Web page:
When considering the word tzedakah, we tend to think of it in terms of the Almighty Dollar. After all, many of us have an array of “tzedakah boxes” — from ubiquitous blue tin pushkes to glitter-covered coffee cans made by children, to unique works of art — lining the desks and shelves of our homes, most filled with pocket change (and maybe some lint as well).
Tzedakah, we’re taught early on, is all about giving back to your community, helping those who are vulnerable, disenfranchised or lacking in basic needs. It’s easy to scoff at society’s fixation with materialism, but it’s hard to accomplish much without dinero. As the old Jewish saying goes, “Life’s not as good with money as it is bad without it.” Or as my mom used to say, “With money comes honey.”
Still, to think of tzedakah in only monetary terms is a misappropriation of the phrase. In his classic “The Joys of Yiddish,” Leo Rosten defined tzedakah as “the obligation to establish justice by being righteous, upright, compassionate — and, above all, helping one’s fellow man.”
By that definition, tzedakah is so much more multi-nuanced than simply writing a check or dropping dimes into a jar. It’s about giving your time to people, striving to create a more fair and equitable society, and simply being kind to each other.
Sometimes, the latter means just being friendly to someone who might seem lonely or out of sorts. It might sound trite but the power of a smile or asking someone how they’re doing cannot be overestimated, especially during these times of disconnect and despair. In fact, I’d suggest such behavior is the highest form of tzedakah (though I’m certainly no rabbi).
Our community recently lost a mentsch by the name of Eytan Berman. Eytan, who grew up in Randallstown and lived in this community most of his life, moved to the Boston area a few years ago with his wife, Sara, and their kids. But I’ve never forgotten his empathy and compassion for others.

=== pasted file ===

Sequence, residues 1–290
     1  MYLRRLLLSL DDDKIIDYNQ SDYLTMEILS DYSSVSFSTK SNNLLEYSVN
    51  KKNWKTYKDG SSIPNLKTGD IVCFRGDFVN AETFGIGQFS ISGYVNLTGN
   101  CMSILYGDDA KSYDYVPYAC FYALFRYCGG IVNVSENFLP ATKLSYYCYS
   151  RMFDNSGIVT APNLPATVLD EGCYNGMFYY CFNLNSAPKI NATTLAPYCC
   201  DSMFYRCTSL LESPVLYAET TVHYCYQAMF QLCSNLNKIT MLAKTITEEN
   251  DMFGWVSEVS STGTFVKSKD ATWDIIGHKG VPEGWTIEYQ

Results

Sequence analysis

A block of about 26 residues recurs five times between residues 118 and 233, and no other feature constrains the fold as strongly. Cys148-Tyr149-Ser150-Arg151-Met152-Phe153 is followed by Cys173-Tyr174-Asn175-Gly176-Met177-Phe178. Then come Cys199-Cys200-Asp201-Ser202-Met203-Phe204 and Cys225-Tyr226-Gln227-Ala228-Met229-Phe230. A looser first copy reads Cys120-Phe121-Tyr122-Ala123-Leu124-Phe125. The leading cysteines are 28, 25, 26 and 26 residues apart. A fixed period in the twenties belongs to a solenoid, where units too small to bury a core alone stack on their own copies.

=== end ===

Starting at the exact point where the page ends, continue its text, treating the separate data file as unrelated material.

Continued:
One anecdote in particular sticks out in my mind during these days after learning of Eytan’s untimely passing at age 55. Eytan and I originally met through mutual friends when we were in our mid-20s. We often ran into each other in the community. He was tall and handsome, but what really stood out was his smile. It was warm, genuine.
I lost touch with Eytan for many years after we both married and started families. But one night, my mother called to say she had run into an old friend of mine. Seems she was sitting alone in a fast-food joint when a young dad came in with his two adorable daughters. They sat down near my mom and started eating, gabbing away.
At some point, the dad noticed my mother admiring his little girls and said hello. They started chatting for a while and he asked her about herself. While talking, through the magic of “Jewish Geography,” they realized they had me in common. “Of course I know your son,” Eytan said. “He’s a dear old friend of mine. How’s he doing?”
Not long afterward, our daughters happened to become friends and I started seeing Eytan regularly at playdates, birthday parties, shul, Hebrew school pickups and community gatherings, always with that infectious smile and interest in others. He loved to schmooze and cared about people, and I’m certain his willingness to brighten the day of an older stranger in a Pikesville McDonald’s is but one instance of the mentschlikeit he exhibited throughout his lifetime.
That’s the power of tzedakah. That’s the power of giving.
Alan Feiler, Editor-in-Chief